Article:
Thursday, the Open sailors waited. and waited. and waited on shore, while the RC kept trying to get another Junior race finished. When the RC gave up on that and called the Open fleet out, it was after 3:30 - and the the wind arrived, gradually increasing for three interesting races. The stronger wind was very welcome, but it still had mystery shifts and holes hidden in it. Jim Young figured it out first, winning the first race, then coasting to a pair of seconds, behing Sam Ranston and Frank Reeg, in the last two races. The stronger winds were enough to put those three boats, Young, Reeg, and Ralston, in 1-2-3 order in the final results.
Olivia Windemuller (photot right) took home the Women's Championship trophy, while Glen Lake's Gray Raymond took both the Youngest Skipper and the Teddy Knape Memorial for best result 12 yrs and under. And the whole fleet from Grand Rapids was awarded the Warde Pierson Traveler Trophy.
Thanks to everyone in Dan Lorimer's gang of staffers, and especially Dan himself, for another good time (the swimming was great during the long waits for wind!!) at beautiful Torch Lake.
Photos!! Lots of great shots, all by Lisa Powell who has photographed previous Butterfly Nationals, at her web site, click here to see your favorite sailor. Photos here also by Lisa.
Rules Rules Rules
Have you read the Rules? Do you know why we have Rules?
Racing in a sailboat is governed by Rules, two sets of Rules that everyone who races needs to know. The set of Rules that governs our behavior on the water is called the Racing Rules of Sailing. These Rules tell us what to do when we meet, encounter, or hit, another boat while we are Racing, and just as anyone driving a car on a road needs to know the laws, anyone sailing in a race needs to know these Rules. Because just like the laws on the road, the most important purpose of the Racing Rules is to prevent collisions. For younger sailors especially, its important to understand this basic concept, the Rules are there to keep boats from hitting each other. Every sailor in a race needs to know who can keep going and who has to 'give way' whenever two or more boats come together. If you don't know the Rules, you run the risk of at least getting disqualified in a race if you hit someone else when you are wrong, and even worse, you are at risk of having to pay for any damages! Learn the Rules not to be a lawyer, but to be safe on the water.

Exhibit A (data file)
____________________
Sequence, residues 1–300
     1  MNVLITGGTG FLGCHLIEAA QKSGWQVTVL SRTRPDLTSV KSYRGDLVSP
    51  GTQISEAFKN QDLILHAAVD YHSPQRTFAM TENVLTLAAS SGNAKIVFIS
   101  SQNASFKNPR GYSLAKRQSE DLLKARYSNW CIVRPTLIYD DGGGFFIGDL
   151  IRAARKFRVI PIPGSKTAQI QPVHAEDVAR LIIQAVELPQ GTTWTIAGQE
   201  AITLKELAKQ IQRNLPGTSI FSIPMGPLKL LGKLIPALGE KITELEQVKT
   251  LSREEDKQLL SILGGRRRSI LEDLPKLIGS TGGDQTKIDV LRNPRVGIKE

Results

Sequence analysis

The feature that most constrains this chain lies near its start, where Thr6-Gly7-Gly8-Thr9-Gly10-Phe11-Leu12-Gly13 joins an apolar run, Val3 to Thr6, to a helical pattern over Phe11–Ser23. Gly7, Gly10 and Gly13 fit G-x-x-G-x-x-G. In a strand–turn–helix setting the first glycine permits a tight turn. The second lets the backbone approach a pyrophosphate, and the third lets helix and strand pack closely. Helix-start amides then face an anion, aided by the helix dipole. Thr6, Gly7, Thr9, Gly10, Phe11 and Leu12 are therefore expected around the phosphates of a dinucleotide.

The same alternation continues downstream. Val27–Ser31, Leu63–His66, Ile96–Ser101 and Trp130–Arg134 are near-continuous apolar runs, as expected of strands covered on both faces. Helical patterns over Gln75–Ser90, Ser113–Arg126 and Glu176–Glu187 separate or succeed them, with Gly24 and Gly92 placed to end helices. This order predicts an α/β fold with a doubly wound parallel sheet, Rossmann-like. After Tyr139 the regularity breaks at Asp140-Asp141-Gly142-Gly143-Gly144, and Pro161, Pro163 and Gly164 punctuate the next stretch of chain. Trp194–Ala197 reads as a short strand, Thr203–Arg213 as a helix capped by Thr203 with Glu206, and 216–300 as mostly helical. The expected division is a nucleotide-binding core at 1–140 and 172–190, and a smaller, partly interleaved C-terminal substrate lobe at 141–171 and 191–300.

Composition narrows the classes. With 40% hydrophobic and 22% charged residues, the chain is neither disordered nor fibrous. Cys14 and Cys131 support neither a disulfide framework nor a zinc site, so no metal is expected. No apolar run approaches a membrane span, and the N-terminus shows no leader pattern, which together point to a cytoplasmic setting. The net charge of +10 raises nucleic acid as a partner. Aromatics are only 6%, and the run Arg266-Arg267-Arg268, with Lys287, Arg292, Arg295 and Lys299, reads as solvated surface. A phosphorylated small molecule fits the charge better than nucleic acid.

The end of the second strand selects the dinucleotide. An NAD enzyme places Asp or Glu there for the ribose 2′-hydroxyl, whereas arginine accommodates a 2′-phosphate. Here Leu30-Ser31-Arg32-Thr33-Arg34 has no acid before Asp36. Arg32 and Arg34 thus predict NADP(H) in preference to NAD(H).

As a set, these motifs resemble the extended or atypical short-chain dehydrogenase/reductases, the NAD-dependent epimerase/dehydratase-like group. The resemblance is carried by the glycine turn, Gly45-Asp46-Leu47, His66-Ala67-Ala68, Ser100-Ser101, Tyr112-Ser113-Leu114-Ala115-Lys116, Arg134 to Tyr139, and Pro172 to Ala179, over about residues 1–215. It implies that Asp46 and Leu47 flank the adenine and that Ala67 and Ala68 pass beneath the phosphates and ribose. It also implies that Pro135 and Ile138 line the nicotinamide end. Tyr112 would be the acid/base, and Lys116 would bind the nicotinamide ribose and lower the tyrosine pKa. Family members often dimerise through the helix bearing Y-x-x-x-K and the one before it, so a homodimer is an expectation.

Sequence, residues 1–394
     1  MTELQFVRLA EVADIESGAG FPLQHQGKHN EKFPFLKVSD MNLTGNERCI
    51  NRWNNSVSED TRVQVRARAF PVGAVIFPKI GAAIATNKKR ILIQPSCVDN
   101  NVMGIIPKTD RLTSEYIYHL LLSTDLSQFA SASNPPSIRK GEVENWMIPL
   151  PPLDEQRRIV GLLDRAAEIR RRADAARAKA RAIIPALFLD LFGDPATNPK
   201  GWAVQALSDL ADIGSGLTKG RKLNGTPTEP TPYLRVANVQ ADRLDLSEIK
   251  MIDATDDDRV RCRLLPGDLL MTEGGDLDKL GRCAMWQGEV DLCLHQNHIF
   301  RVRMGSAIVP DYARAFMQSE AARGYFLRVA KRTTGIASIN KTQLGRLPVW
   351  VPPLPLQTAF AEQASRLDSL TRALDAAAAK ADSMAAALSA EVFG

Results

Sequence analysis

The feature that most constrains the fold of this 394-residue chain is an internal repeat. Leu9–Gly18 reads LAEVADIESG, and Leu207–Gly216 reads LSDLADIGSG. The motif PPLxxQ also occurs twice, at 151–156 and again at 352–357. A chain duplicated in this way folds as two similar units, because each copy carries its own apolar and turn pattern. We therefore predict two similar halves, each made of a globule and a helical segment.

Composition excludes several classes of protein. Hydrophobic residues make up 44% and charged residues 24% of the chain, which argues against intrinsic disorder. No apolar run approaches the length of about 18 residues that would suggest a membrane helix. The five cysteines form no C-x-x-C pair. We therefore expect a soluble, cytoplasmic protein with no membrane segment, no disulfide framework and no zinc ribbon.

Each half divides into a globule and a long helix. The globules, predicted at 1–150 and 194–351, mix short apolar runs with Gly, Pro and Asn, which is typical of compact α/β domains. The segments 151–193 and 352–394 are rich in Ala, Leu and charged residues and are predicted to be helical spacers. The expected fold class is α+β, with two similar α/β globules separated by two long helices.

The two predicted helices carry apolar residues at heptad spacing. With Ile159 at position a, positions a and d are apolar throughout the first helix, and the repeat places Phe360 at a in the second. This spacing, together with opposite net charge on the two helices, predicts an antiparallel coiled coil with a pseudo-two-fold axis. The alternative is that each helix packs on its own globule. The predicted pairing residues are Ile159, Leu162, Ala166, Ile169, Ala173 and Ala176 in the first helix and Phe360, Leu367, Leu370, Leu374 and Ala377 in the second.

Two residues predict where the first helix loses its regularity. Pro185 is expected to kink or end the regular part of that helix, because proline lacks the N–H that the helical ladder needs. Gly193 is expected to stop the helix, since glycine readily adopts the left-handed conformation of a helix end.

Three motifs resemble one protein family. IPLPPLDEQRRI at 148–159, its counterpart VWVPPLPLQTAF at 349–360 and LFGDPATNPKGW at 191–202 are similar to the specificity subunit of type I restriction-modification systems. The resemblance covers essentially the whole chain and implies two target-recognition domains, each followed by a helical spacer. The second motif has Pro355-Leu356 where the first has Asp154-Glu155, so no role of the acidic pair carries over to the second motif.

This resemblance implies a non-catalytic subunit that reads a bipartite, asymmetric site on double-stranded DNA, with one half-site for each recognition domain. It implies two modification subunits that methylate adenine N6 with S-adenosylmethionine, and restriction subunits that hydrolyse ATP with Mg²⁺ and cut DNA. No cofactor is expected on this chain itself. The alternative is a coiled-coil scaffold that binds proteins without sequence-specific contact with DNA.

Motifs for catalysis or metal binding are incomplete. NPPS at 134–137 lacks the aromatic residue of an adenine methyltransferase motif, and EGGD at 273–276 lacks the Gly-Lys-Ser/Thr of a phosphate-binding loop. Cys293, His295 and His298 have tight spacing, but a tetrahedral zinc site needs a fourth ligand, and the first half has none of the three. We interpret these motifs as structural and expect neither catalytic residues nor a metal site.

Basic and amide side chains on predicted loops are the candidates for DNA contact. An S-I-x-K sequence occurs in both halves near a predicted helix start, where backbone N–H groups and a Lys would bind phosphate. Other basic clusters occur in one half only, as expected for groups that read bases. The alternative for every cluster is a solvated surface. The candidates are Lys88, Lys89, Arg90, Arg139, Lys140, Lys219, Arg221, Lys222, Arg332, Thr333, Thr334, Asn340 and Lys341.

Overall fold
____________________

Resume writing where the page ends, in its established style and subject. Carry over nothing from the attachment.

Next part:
The second set of Rules is the Class Rules. In most of small-boat sailing anywhere in the US, we are sailing in what are known as 'One-Design' sailboats (Butterfly, Opti, Laser, Sunfish, C420, etc). "One-Design" means that as much as possible, all of the boats are alike so that the difference on the race course is sailing skill, not how much money was spent on the boat, sails, magic rigging, expensive compasses or other gadgets. The goal is so that you don't have to have more money, or know more secret rigging tricks, you just have to sail better to beat someone else in a race.
The Butterfly Class Rules are pretty clear; if it doesn't say that you CAN do it, then you can't! For example, you can't make and race with your own centerboard. And you can't get a custom sail from any sailmaker, new sails have to come from an autorized Butterfly parts dealer. That is so all sails are identical. Then you can't tie the sail to the mast and boom any way you want, you have to use the supplied fittings -because doing it any other way is not mentioned, and because doing it any other way would violate the basic principle, that all boats are the same. There is one further requirement specified in the Class Rules, that the boat is to be raced with the sail fully hoisted. That means that it has to be at the top of the mast. It is a known problem that the halyard cleat sometimes lets the halyard slip, so for boats with cleats, its usually best to give a gentle warning if you see it, and then check your own as well - sometimes, to be sure, you might even have to tip your boat over at the dock or beach to push the halyard into the cleat firmly. But if you see a boat with the old-style mast head hook that firmly holds the halyard, then its time for a protest not a warning, that sailor deliberately set his/her sail below the top of the mast. And a huge hint, something discovered in ancient times, back in the 1960s, is that a halyard that is not firmly cleated at the top of the mast is much more likely to bend or break the mast. So always make sure that your halyard is cleated, not just for the rules, but for your mast.